Oprah Winfrey sits down with global superstar, multi-platinum artist and 17-time Grammy Award winner Beyoncé Knowles about the making of her documentary “Beyoncé: Life Is But A Dream.” In the latest installment of the “Oprah’s Next Chapter” primetime series, Beyoncé also talks to Winfrey about her daughter Blue Ivy, what Jay Z is like as a father and as a husband, letting her father – music executive Matthew Knowles – go as her manager, her heart-breaking miscarriage and what is next for her career and her life. The interview airs Saturday, Feb. 16 on Winfrey’s OWN Network.
- Created on 19 February 2013
Award-winning actor Charles S. Dutton is in Chicago this week performing his one- man play, “From Jail to Yale: Serving Time on the Stage.” The show chronicles Dutton’s journey from prison in Baltimore to theatrical and television success. The veteran actor spoke exclusively to Defender about his stage production and the impact arts can have on youth.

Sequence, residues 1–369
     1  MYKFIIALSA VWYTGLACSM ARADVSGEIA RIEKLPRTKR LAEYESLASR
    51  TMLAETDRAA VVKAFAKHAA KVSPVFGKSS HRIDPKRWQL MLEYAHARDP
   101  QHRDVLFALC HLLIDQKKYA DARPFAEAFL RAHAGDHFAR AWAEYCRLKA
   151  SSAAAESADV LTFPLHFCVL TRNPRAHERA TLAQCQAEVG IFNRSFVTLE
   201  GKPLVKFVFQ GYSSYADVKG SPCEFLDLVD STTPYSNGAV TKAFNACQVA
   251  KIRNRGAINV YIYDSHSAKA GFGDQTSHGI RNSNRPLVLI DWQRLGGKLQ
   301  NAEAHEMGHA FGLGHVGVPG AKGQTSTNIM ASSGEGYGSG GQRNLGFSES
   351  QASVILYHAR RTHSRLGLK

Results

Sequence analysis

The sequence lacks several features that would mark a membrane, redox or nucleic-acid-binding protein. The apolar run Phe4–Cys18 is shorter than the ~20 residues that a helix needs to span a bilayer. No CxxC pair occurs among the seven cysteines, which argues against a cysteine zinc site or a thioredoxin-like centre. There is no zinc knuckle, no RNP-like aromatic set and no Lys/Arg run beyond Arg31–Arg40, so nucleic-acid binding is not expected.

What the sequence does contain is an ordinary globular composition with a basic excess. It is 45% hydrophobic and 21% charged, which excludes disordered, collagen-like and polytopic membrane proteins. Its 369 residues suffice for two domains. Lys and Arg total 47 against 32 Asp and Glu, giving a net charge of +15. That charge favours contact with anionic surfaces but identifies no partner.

CD: Your stage play is based off of your life from jail to Yale University, what exactly inspired or attracted you to acting while you were in jail?
CSD: It was after many years of being in different penitentiaries throughout the State of Maryland, that one day I read a play – “A Day of Absence” by Douglas Turner Ward. I found it so hilarious that I thought I’d get eight or nine of the craziest guys I knew in the prison and start a drama group. It was the early 1970s and it was still a lot of rehabilitation going on in the prisons. It’s all about punishment now. But it was through the course of the (drama group) that I discovered what I was born to do.
CD: Did you apply to the Yale School of Drama immediately after you got out of prison?
CSD: No … I got out of prison in 1976 with my associate’s degree. Then I graduated from Towson State University in ’78 with a B.A. degree. I messed around the Baltimore and D.C. area doing local theater. The chair of the undergraduate department at Towson State suggested that I apply to Yale. I laughed it off, but gave it a try. I filled out an application, auditioned and to my surprise … I was accepted.
CD: Are there multiple characters in the play, or is it one man’s journey?